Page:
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UK scientists generate electricity from Americium to power future space missions (nnl.co.uk)
60 points by okket 18 days ago | hide | past | web | favorite | 25 comments



https://en.wikipedia.org/wiki/Radioisotope_thermoelectric_ge...

There is a nice table that shows, that Americium-241 has low power density, but it's half-life is 432 years. It also mentions that the real reason, why this is interesting, is because Am-241 is a byproduct and a pure isotope that can be used without refining.


Of course, power density is inversely proportional to half-life. Low power density BECAUSE the half-life is 432 years.


> power density is inversely proportional to half-life

It's not that simple. The energy per event varies by orders of magnitude depending on the specific transition (even within given particle decays, the energy of the emitted particle varies), also the number of atoms per volume or mass varies depending on material.


Clearly. However it IS a good approximation. For RTGs, we desire primarily alpha emitters as alpha particles are generally the easiest type of decay product to shield (the thin metal casing will stop all alpha particles). And common Alpha emitters such as Po-210, Am-241, Pu-238, and U-232 all have a decay energy of about 5-6MeV even though they differ in half life (and thus power density) by 3 orders of magnitude.


The approximation holds true for the heavy elements, with similar atomic mass. I wonder if the power density of any similar half-life lighter nuclei would be significantly greater, or whether the energy of decay reduces roughly proportionately with their mass.


And, of course, almost all alpha emitters are heavier elements: https://www.researchgate.net/profile/Adam_Woolsey2/publicati...


> that can be used without refining

It has to first be separated from the rest of the actinide waste, which is very challenging, as they're chemically similar elements. Previously this had to be done with a centrifuge (separating by mass), but a lot of research effort has gone into developing more practical chemical refining methods.


Americium-241 can be found in smoke detectors which came into the headlines when a kid tried to build a nuclear reactor in his backyard back in 1996:

https://www.dailymail.co.uk/news/article-2506549/Uh-oh-Radio...


A lot of newer smoke detectors work on a photo-electric principle rather than by ionisation. That means they don't contain anything radioactive, and also tend to be more effective because they're less prone to false alarms.


I believe those are « fire detectors » as they sense the flickering light of a fire.


Flame detectors work via video feeds typically and analyze a video for flame and smoke patterns. Those come in both stand alone detectors and systems that work off of existing security camera feeds. (see also UV based detection)

They were referring to a photoelectric smoke detector vs ionization types. Both are still available but photo is much more common now days. They look exactly the same exterior wise, but it works by having a tiny light box where smoke goes in and changes the light the sensor is seeing. They can still cause false alarms because they are sensitive to dust and particulate matter, but they operate on intelligent addressable systems now which can adjust their sensitivity to some degree over time.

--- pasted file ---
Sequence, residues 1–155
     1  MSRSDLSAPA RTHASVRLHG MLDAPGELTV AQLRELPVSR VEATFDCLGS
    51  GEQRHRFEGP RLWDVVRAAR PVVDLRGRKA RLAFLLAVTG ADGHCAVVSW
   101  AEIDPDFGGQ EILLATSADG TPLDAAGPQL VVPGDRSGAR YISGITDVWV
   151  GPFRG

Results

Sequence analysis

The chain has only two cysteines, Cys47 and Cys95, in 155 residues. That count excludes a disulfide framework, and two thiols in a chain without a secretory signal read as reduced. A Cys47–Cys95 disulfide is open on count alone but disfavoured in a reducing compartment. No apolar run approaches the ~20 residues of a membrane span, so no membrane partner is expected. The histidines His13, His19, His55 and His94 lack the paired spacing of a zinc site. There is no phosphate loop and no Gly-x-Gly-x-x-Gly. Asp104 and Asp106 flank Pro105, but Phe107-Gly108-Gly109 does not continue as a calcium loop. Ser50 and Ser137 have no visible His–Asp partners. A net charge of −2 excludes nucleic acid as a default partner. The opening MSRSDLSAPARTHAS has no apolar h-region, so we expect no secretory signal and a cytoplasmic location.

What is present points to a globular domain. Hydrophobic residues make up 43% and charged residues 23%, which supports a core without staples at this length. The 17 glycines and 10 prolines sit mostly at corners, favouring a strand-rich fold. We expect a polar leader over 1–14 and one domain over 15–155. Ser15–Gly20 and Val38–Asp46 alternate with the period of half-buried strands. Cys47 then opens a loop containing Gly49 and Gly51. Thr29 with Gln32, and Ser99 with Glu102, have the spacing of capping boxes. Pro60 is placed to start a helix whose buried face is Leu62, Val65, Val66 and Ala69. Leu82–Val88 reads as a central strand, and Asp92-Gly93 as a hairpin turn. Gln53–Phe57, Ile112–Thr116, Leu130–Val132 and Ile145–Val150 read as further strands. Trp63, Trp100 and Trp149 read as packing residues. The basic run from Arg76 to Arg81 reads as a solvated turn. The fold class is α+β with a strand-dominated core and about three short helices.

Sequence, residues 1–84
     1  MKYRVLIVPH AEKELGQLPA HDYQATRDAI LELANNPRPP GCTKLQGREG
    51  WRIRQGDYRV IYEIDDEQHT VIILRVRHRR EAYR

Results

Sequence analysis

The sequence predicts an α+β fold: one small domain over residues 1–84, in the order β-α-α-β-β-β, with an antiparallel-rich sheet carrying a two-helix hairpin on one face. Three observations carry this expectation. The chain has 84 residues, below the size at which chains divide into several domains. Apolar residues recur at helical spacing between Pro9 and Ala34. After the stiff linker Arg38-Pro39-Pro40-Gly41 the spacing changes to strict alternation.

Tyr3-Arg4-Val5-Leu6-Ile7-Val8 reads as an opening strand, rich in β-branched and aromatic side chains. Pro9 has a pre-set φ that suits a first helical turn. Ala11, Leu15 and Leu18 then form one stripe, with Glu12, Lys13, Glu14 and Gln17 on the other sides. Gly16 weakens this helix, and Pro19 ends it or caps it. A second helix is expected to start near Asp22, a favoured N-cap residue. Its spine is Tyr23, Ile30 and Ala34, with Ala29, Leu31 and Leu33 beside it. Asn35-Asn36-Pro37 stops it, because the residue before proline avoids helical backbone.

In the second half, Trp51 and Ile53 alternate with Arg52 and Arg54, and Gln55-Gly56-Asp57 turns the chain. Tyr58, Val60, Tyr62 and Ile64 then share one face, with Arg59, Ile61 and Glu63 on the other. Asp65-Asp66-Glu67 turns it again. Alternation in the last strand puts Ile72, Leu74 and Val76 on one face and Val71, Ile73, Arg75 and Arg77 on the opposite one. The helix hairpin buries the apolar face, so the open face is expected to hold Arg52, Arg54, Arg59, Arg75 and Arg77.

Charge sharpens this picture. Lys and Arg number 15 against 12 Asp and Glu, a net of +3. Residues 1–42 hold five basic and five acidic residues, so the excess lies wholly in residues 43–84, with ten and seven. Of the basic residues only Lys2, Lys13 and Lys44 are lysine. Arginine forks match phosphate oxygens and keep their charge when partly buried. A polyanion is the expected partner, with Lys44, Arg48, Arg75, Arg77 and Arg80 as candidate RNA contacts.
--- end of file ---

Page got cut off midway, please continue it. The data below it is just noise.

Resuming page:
No. Those might exist too, but photo-electric smoke detectors definitely detect smoke.


Interesting person - he was actually making a Neutron Source rather than a reactor: https://en.wikipedia.org/wiki/David_Hahn#Creation_of_the_neu...


So is this essentially an RTG powered by Americium instead of Strontium or Plutonium? Or is this pioneering a new method of operation compared to a traditional RTG?


>>> used the heat generated from this highly radioactive material to generate enough electric current to light up a small lightbulb ...

Sounds like an americium-powered RTG to me, albeit not a particularly powerful one.


Powering a lightbulb for 432 years? Sign me up.


I don't think the power generation part of this is a breakthrough at all, just a "proof of the pudding is in the eating" demonstration.

As I understand it, the practical refinement of a significant amount of Americium from waste is the breakthrough. But that doesn't win hearts and minds like a 432 year space lightbulb.


> So is this essentially an RTG powered by Americium instead of Strontium or Plutonium?

That is the idea. Plutonium RTGs are very hard to get by. As in only the U.S. have a few such RTGs in stock and I am not sure they are producing new ones.


I cannot express how disappointed I was to learn that they are just using the americium as a heat source, and not converting the kinetic energy of the alpha particles directly to electric current by induction.


The video embedded in the article plays like a movie trailer or an extended ad for a pharma company. Cool science though.


I always get a little tingle up my spine when I hear someone in a video append an isotope number to a chemical element. Cool beans.


Very interesting ... I wonder when did they start to work on this? and how long until we see this in use?


These (Americium RTGs) work pretty good in Minecraft (specifically Enigmatica 2 Expert Mode). Reliable, decent power output, zero maintenance. Not got as far as orbit yet, but I expect to take at least one of these with me to power the spacecraft.


Didn't expect to see that mentioned here, playing that myself currently.


The article says it is a thermoelectric generator.




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